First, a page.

Second, it is important to see that the long term-trend of the stock market is upward. In the short term, yes it is very volatile. If you had to live day in and day out of this 110 year period you have gone through four very tumultuous setbacks. Despite the short-term recessions and depression, our $1 investment would have grown by an average annual rate of 9%. As long as we kept our money in the market during the depression and recessions, we would have STILL come out ahead in the 110 year period. But we have to KEEP our money in the market. It would have been very tempting during the great depression to take our money out and join the frantic mob. Fear feeds on fear, but as you can see from this 110 year history, and even the entire 200+ history of our country, we bounce back. American Businesses are very resilient. That is something we need to trust into our future.


Now, as I have been saying in previous blog posts, I can't and won't promise you that in the next 110 years, America's stock market will average an annual rate of return of 9.5%. I can't tell you when the next recession or next depression will come, but I know it will. That's just life. There are highs and there are lows. Winter is coming (For all of my GOT fans out there). When winter comes the Whitewalkers will come out, trying to stick fear into our hearts and stab us with their blades trying to turn us into one of them. It will be tempting for us to run for the hills, but remember one very important thing: we've got Dragonglass and Dragons. We must stand our ground and not give into the fear. Instead, we must continue forward.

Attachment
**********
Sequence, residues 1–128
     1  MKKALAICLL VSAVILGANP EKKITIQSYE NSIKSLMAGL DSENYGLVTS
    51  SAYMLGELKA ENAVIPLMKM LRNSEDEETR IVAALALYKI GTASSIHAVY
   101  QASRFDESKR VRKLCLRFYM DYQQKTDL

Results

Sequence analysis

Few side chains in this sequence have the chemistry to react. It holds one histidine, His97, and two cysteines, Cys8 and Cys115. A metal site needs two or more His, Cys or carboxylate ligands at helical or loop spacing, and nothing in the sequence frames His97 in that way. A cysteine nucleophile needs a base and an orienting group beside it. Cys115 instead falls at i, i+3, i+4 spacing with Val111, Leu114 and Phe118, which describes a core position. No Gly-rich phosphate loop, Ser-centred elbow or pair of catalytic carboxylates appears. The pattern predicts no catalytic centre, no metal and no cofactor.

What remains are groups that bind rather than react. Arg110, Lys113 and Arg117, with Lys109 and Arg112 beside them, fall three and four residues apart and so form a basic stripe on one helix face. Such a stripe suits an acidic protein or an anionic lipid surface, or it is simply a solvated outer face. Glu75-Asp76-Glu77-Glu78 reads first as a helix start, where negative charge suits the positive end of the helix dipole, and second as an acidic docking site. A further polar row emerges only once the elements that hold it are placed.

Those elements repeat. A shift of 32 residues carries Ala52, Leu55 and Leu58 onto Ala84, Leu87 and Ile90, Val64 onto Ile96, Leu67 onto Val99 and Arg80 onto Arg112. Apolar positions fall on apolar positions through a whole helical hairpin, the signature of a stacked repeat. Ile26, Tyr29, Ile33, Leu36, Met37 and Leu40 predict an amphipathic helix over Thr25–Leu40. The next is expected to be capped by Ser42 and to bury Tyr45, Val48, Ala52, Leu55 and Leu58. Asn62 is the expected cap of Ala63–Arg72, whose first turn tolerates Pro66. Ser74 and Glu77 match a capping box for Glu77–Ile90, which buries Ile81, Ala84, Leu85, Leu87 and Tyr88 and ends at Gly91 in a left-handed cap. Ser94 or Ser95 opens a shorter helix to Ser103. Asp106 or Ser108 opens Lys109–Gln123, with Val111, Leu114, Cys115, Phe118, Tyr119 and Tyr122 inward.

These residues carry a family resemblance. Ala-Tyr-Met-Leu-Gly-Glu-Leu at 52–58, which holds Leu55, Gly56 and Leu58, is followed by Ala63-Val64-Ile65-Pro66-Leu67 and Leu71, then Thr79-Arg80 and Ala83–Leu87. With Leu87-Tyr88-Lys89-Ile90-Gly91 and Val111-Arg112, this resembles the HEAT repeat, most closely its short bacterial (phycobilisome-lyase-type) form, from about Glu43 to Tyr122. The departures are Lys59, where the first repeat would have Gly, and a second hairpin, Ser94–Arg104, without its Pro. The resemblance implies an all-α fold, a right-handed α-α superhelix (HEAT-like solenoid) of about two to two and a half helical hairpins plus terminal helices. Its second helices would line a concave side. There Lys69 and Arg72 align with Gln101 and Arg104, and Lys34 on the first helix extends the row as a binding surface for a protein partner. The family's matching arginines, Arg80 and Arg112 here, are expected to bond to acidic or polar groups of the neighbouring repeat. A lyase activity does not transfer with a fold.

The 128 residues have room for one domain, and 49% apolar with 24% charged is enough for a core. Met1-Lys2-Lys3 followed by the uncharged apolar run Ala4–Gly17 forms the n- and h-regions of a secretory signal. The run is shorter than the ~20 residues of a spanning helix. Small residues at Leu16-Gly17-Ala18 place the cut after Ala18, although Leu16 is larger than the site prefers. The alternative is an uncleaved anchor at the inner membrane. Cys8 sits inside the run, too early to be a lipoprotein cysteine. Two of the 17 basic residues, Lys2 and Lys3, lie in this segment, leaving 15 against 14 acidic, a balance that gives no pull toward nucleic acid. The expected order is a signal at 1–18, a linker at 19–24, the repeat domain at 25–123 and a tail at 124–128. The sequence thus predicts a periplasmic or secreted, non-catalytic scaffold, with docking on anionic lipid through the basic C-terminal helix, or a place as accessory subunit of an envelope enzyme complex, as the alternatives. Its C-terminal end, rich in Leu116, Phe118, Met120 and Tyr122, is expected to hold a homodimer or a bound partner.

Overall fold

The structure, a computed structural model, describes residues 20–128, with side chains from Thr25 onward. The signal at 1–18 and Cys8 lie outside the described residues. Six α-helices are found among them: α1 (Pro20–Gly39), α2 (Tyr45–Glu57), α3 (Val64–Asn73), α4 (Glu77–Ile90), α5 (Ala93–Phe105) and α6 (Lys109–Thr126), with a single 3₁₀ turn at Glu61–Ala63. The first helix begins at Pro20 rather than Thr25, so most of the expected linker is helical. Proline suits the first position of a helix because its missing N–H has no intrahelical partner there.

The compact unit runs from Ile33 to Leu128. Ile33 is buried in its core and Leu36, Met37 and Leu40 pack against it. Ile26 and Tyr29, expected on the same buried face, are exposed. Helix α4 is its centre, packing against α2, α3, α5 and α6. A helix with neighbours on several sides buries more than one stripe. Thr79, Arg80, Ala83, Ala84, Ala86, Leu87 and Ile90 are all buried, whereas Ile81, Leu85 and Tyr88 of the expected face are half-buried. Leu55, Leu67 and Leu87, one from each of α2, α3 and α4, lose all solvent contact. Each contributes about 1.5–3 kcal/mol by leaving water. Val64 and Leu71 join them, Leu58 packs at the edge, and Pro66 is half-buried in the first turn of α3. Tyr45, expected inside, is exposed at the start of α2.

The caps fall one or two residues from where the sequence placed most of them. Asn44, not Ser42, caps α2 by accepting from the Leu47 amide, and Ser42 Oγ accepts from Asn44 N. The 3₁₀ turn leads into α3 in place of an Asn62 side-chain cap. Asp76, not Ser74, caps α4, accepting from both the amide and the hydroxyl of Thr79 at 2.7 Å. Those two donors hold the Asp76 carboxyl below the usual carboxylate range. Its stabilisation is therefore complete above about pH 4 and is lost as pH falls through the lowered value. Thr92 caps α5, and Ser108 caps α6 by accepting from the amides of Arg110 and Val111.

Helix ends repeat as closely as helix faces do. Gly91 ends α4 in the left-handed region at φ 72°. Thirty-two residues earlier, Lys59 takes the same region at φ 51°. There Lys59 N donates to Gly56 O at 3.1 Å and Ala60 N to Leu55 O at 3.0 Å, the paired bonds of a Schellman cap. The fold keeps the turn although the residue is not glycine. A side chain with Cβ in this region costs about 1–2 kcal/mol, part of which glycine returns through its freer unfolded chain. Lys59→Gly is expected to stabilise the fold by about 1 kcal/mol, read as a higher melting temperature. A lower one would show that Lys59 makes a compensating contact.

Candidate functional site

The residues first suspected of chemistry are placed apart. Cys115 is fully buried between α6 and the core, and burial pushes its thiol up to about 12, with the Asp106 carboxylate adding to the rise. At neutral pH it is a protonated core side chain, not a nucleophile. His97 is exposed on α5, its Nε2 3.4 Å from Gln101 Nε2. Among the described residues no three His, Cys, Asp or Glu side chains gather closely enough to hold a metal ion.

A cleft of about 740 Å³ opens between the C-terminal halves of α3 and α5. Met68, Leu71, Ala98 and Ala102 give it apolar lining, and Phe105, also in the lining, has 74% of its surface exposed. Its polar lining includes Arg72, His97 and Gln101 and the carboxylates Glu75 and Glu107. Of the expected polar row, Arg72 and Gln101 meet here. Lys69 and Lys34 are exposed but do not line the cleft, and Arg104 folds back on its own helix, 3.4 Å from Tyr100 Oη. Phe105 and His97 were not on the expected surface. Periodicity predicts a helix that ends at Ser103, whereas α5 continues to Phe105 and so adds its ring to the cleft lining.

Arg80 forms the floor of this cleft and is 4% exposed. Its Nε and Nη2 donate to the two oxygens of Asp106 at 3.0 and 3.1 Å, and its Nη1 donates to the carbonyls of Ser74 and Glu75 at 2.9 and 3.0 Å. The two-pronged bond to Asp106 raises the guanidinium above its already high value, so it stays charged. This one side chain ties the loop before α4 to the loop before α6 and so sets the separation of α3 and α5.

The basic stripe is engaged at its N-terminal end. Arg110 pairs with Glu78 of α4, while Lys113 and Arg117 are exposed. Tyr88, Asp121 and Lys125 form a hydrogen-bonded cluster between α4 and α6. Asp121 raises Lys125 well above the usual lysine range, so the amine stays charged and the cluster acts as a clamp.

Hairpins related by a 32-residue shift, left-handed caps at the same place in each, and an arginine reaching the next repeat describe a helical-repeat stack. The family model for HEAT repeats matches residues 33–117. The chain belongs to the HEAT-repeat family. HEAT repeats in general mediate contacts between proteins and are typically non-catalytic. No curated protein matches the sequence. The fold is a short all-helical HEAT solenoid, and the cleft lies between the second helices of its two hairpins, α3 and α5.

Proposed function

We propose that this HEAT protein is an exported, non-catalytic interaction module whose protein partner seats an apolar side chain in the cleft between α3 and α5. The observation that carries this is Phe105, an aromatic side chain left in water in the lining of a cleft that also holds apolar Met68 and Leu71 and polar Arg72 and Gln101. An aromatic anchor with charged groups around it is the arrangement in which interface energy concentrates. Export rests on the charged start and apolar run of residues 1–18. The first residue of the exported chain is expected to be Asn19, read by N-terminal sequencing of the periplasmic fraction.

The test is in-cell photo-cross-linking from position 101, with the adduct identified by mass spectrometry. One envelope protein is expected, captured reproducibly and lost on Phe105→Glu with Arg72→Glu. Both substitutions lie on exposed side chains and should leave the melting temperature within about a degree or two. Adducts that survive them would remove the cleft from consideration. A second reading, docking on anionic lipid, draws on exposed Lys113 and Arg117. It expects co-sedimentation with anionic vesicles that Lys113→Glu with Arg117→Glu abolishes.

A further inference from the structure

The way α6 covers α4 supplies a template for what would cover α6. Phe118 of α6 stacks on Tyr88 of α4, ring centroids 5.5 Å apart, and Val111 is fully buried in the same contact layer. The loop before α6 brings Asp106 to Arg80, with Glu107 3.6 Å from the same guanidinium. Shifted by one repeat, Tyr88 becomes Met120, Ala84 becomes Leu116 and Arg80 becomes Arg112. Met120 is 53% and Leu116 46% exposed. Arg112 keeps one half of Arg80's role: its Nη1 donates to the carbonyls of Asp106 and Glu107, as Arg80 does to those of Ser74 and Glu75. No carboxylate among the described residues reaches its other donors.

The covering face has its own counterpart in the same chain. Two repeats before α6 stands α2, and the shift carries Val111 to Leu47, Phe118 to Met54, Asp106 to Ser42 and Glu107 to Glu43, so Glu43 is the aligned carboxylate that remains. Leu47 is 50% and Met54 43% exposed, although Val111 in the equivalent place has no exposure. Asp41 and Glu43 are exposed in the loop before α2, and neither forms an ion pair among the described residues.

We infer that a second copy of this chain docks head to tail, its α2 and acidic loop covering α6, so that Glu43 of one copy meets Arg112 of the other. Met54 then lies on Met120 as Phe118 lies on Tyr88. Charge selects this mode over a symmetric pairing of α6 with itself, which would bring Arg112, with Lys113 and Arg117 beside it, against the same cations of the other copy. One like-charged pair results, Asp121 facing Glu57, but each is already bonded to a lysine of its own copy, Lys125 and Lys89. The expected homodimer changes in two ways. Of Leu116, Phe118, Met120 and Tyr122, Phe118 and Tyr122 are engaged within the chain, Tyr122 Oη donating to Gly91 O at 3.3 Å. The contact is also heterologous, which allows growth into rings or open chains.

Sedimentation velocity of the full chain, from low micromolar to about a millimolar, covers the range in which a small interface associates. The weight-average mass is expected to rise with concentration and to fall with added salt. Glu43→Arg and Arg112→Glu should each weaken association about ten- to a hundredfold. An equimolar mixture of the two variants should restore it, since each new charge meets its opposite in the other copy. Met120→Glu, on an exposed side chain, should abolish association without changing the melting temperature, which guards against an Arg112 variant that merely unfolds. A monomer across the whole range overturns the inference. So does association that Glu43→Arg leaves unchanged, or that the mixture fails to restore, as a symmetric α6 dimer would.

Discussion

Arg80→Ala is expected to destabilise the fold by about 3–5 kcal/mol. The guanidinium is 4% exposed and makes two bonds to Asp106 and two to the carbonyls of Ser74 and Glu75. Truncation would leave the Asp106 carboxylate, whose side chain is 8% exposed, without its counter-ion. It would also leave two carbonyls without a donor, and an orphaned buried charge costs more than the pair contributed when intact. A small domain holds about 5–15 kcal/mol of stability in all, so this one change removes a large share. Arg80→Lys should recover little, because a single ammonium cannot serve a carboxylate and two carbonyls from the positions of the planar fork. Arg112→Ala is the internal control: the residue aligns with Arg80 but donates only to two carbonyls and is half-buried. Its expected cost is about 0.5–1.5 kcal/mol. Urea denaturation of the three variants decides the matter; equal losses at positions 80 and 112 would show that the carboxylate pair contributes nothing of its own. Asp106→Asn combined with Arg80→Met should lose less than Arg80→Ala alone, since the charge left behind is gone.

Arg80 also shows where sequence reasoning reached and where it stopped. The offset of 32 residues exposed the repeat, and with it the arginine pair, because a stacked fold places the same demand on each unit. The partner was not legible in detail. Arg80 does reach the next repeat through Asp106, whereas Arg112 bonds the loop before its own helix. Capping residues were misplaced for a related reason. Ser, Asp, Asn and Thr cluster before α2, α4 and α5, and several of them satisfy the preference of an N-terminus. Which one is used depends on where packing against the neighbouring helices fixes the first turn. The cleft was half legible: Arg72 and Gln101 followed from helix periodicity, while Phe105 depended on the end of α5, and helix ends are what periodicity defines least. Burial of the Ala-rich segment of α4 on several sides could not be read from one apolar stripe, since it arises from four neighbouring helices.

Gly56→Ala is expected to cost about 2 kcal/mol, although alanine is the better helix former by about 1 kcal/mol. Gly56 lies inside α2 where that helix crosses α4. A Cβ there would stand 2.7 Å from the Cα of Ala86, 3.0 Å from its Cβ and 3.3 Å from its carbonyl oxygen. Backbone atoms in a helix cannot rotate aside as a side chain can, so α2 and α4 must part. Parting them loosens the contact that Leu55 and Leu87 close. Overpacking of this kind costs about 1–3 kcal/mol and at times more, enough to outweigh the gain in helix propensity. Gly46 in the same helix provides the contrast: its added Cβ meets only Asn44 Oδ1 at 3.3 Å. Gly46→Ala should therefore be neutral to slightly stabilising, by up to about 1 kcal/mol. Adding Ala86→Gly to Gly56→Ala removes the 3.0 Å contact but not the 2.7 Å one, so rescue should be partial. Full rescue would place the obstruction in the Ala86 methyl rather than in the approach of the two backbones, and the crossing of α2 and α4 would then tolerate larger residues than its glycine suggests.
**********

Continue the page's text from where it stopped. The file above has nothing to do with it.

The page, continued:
Wow, that got pretty dramatic, but the point remains the same. If you don't believe me then at least believe the investing legend himself, Jack Bogle: "The Message is clear: In the long run, stock returns depend almost entirely on the reality of the investment returns earned by our corporations. The perceptions of investors, reflected by the speculative returns, counts for little. It is economics that controls long-term equity returns; the impact of emotions, so dominant in the short term, dissolves."